News digest 10 July 2013

News digest 10 July 2013

10 July 2013

It is yet another clean sweep for Unite with all the papers covering the Ed Miliband speech on recalibrating the relationship between the Labour party and the trade unions. Kevin Maguire in the Mirror runs with the line that ‘the fight may cost [Miliband] dear’ while the Times runs with the headline ‘Unions to be sidelined if they stall Labour reform’ on the front page and the Sun says ‘Ed bottles battle with barons’, but the Guardian probably sums up the main thrust with ‘Unite backs Miliband over party funding plans’ although Unite general secretary Len McCluskey said the union needed to look at the detail. Many of the papers question how strong the Miliband ‘reforms’ will be – former Labour general secretary/ex T&G assistant general secretary Lord Ray Collins will draw up the finer points of the plans – but perhaps the best line is from Seumas Milne in the Guardian who talks on the need for a counterweight to the closed circle of corporate power and notes: “The real problem is unions aren’t influential enough” that sounds more like it to me…

Elsewhere on the political front, after Theresa May managed to ‘get rid of’ Abu Qatada over the weekend another ruling on whole life terms from the European Court of Human Rights has many of the red tops questioning the rights for victims as the court said 155 killers in UK prisons can’t be told they’ll die in jail because it would be a breach of their human rights. Cue many Tories saying the UK should leave.

More shocking is the Mubenga inquest. Jimmy Mubenga - who was forcibly restrained by G4S security guards on a British Airways flight bound for Angola – was unlawfully killed according to the jury. Prosecutors will now reconsider whether to bring criminal charges against the company.

From law and order to the economy and there could be some good news for the chancellor as the IMF has revised upwards its forecasts for the UK economy to a grand 0.9 per cent this year, up from previous forecasts of 0.6 per cent. However, confidence may not be that great as investors are continuing to dump the pound which fell to a three year low against the dollar last night, there may be trouble ahead…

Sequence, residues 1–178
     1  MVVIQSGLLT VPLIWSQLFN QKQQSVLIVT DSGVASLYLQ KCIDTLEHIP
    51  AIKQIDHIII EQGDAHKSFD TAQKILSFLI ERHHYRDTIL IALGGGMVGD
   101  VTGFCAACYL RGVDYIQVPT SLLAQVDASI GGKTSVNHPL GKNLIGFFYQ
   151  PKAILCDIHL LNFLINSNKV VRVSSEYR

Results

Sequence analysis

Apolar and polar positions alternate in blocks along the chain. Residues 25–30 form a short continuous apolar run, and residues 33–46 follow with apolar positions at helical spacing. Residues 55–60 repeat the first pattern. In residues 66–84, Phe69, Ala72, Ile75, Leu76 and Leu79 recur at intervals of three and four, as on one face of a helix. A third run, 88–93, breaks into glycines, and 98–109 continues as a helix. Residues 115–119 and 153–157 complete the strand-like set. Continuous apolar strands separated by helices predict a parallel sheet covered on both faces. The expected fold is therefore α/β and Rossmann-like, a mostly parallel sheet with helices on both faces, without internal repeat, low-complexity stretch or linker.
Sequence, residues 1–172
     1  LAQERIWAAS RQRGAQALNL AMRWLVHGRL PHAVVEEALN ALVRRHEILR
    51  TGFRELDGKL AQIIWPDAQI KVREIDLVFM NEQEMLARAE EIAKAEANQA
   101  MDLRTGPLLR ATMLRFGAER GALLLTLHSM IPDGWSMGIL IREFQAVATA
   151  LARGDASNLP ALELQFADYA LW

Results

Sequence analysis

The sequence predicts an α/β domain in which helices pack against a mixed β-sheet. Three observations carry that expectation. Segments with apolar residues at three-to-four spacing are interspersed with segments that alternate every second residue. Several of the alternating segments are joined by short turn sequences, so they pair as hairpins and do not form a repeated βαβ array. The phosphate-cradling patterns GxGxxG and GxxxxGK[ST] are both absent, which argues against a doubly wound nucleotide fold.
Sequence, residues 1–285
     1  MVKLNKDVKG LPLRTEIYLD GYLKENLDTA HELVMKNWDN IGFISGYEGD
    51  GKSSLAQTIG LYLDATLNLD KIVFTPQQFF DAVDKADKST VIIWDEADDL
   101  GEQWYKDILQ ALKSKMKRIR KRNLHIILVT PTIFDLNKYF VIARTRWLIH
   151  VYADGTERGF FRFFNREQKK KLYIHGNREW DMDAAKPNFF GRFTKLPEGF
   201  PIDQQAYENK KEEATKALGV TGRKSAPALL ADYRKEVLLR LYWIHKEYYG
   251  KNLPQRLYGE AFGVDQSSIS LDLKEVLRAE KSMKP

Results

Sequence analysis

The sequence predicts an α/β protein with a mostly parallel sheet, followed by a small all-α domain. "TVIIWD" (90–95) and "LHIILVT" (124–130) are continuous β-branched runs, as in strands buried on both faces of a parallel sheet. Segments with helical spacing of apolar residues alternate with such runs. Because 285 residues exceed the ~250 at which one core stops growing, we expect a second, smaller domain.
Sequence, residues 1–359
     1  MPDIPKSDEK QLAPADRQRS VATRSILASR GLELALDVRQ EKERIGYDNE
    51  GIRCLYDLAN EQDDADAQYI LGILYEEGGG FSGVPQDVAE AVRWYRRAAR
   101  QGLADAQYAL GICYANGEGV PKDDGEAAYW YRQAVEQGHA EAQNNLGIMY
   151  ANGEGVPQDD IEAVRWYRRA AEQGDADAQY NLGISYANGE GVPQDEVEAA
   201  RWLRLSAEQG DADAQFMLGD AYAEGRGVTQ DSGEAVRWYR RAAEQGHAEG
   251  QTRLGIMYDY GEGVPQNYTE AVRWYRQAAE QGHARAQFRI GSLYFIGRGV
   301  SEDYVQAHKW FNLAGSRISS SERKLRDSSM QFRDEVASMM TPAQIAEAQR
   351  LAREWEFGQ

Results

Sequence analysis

And finally the move to selling off more state owned assets continues as the Royal Mail privatisation nears. Many of the papers report that there are fears that the sell-off could result in strike action, but the government is trying to bribe the workers with shares of up to £2,000 to back the flotation, not sure that will make up for the expected extra hours, cuts to wages and more as the bosses cream off the profits and the workers and customers suffer from a service bound to be asset stripped…

 Morning Star

 Daily Mirror




 Times (no links all stories behind paywall)

  • Unions to be sidelined if they stall Labour reform (p1) – Unite/Len McCluskey cited
  • Britain could quit human rights court (p4)
  • Is this New Ed we see before us (p6) - Unite/Len McCluskey cited
  • I’m ready for more questions, says Murdoch (p10)
  • We need a directly elected PM – Daniel Finkelstein (p21)
  • Editorial: Trades dispute (p24) – Unite cited
  • IMF gives thumbs up but investors dump the pound (p33)
  • Flotation of Royal Mail ‘will lead to strike action’ (p33)
  • Shell finds safe pair of hands (p36)
  • Bondholders fight over Co-op rescue (p39)




 FT (no links all stories behind paywall)

  • IMF lifts British growth forecast (p1)
  • Labour reforms to boost union coffers (p2) - Unite/Len McCluskey cited
  • MPs seek to quiz Murdoch (p2)
  • Whitehall tensions high (p3)
  • Miliband’s battle for Labour’s future (p8)
  • Shell names veteran as chief (p13)
  • M&S upbeat even as clothing sales fall (p18)
  • Competition Commission approves Britvic merger (p18)

 Edited by Mik Sabiers

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